Less than three years after the disaster at a nuclear power plant in Fukushima, a hotly-anticipated floating offshore wind turbine began operating 20 kilometres from the damaged site on Monday.

A number of news organisations reported that Yuhei Sato, governor of Fukushima, said that the floating turbine could become a symbol of the region’s desire to become a green energy centre.

“Fukushima is making a stride toward the future step by step,” Bloomberg quoted Sato saying at a ceremony marking the project’s initiation. “Floating offshore wind is a symbol of such a future.”

The experimental project is funded by the government and led by Marubeni Corp. It requires approval from local fishermen before becoming a commercial operation. The 2-megawatt turbine from Hitachi Ltd. was nicknamed “Fukushima Mirai,” the Bloomberg report said, adding a floating substation has also been set up and bears the name “Fukushima Kizuna.” Mirai means future, while kizuna translates as ties.

Two more turbines by Mitsubishi Heavy Industries Ltd., with 7 MW of capacity each, are expected to also be installed. Bloomberg noted the Ministry of Economy, Trade and Industry has said the floating offshore capacity may be expanded to 1,000 MW.

“For Japan, which is surrounded by deep oceans, floating wind turbines hold the promise of opening up large areas to produce clean energy,” the Bloomberg story added. “The technology involves attaching turbines to structures that float in areas too deep for traditional towers fixed to the seafloor.”

via Floating Offshore Wind Turbines Could Drive Japan’s Renewable Energy Future.

Recharged Japan Solar PV Industry Hits 10 GW of Installed Capacity

Read here a report on how Japan, by establishing government subsidies and by ensuring a fixed high price for solar energy has managed to install solar systems corresponding to two nuclear power stations after the Fukushima disaster.

Solar photovoltaic (PV) installations in Japan have now reached the 10 gigawatts (GW) milestone for cumulative PV capacity. Japan is only the fifth country to reach this mark, after Germany, Italy, China and the U.S. Both the U.S. and China reached 10 GW of solar PV within the past few months, according to new research featured in the NPD Solarbuzz Asia Pacific PV Market Quarterly Report.

The First GW PV Country in 2004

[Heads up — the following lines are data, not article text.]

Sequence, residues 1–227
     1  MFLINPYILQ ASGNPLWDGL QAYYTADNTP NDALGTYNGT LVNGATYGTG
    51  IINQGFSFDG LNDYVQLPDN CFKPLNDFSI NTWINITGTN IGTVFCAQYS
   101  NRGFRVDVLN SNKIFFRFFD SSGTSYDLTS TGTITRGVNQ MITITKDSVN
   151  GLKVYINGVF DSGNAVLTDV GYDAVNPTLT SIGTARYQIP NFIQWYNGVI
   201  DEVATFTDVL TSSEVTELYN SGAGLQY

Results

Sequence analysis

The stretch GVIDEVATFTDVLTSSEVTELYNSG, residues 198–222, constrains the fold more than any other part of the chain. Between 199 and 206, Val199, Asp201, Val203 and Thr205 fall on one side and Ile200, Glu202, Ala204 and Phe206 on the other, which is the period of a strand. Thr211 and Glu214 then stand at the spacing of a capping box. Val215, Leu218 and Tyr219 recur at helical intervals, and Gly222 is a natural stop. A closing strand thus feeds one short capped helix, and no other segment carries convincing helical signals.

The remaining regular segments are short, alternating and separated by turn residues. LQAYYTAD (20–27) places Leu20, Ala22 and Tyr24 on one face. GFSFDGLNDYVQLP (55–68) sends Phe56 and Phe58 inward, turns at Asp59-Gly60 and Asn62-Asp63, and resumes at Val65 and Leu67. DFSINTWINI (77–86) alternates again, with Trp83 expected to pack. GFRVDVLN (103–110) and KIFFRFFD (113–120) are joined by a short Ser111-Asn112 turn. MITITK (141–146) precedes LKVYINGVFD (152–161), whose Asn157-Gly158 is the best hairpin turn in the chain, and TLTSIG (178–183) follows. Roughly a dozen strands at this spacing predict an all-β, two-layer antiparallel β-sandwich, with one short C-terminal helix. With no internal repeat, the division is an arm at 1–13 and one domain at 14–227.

This new landmark for the Japanese solar industry comes nine years after Japan was crowned the first country to break through 1 GW of cumulative solar PV, back in 2004.

The Ministry of Economy, Trade and Industry (METI) launched a subsidy program for residential PV systems as far back as 1994. Initially, the subsidy covered 50 percent of the cost of PV systems. The budget for FY 1994 was 2 billion Yen.

Until 2005, Japan had the largest installed PV capacity of any country in the world. This early leadership position was achieved through a well-managed set of programs, coupled with attractive market incentives.

The early growth of the Japanese PV market was a strong factor in establishing Japanese manufacturing as the first dominant force in the solar PV industry. Manufacturers that benefited from the first phase of government initiatives include several of the companies that are now leaders in the domestic PV industry revival: Sharp, Sanyo and Kyocera.

via Recharged Japan Solar PV Industry Hits 10 GW of Installed Capacity.

Tibetan glaciers are shrinking at their summits

Read here, from Nature, about how the glaciers high in the Tibetan Plateau are melting. They are at such altitudes, that such melting should not take place.

The Tibetan glaciers are shrinking. Most of the retreat is thought to be taking place at low elevations, but research now shows that the glaciers may also be losing ice at altitudes up to 6,000 metres.

“The glaciers are virtually being decapitated from the top by a warming climate,” says Kang Shichang, a glaciologist at Chinese Academy of Sciences’ Institute of Tibetan Plateau Research in Beijing.

His team looks at signals left in ice by environmental incidents that changed the chemical composition of the atmosphere. “When air bubbles were trapped in glacial ice, so were chemical compounds” in the air, says Kang.

Among those incidents are nuclear tests that were especially frequent between 1952 and 1963, releasing radioactive compounds such as tritium. “This left a distinctive signature in glaciers around the world,” says Kang.

He got a gloomy feeling when examining ice cores drilled from two Tibetan glaciers at about 6,000 metres, he explained at the 28th Himalayan Karakoram Tibet Workshop and the 6th International Symposium on Tibetan Plateau Joint Conference in Tubingen, Germany, last month.

A core from the Lanong glacier in southern Tibet shows neither the tritium peak associated with nuclear testing nor any trace of radioactive compounds from the Chernobyl nuclear disaster in Ukraine in 1986. This suggests that ice layers laid down on the glacier from the 1950s onwards have melted or sublimated away.

The second ice core, from the Guoqu glacier in central Tibet, has the chemical fingerprints of the nuclear tests and the Galunggung volcanic eruption in Indonesia in 1982, but not the Chernobyl signal. Moreover, the core’s mercury content, which tracks well with global and regional emission trends, ends abruptly in the 1980s. “The glacier has been losing ice in the past three decades,” says Kang.

via Tibetan glaciers are shrinking at their summits : Nature News & Comment.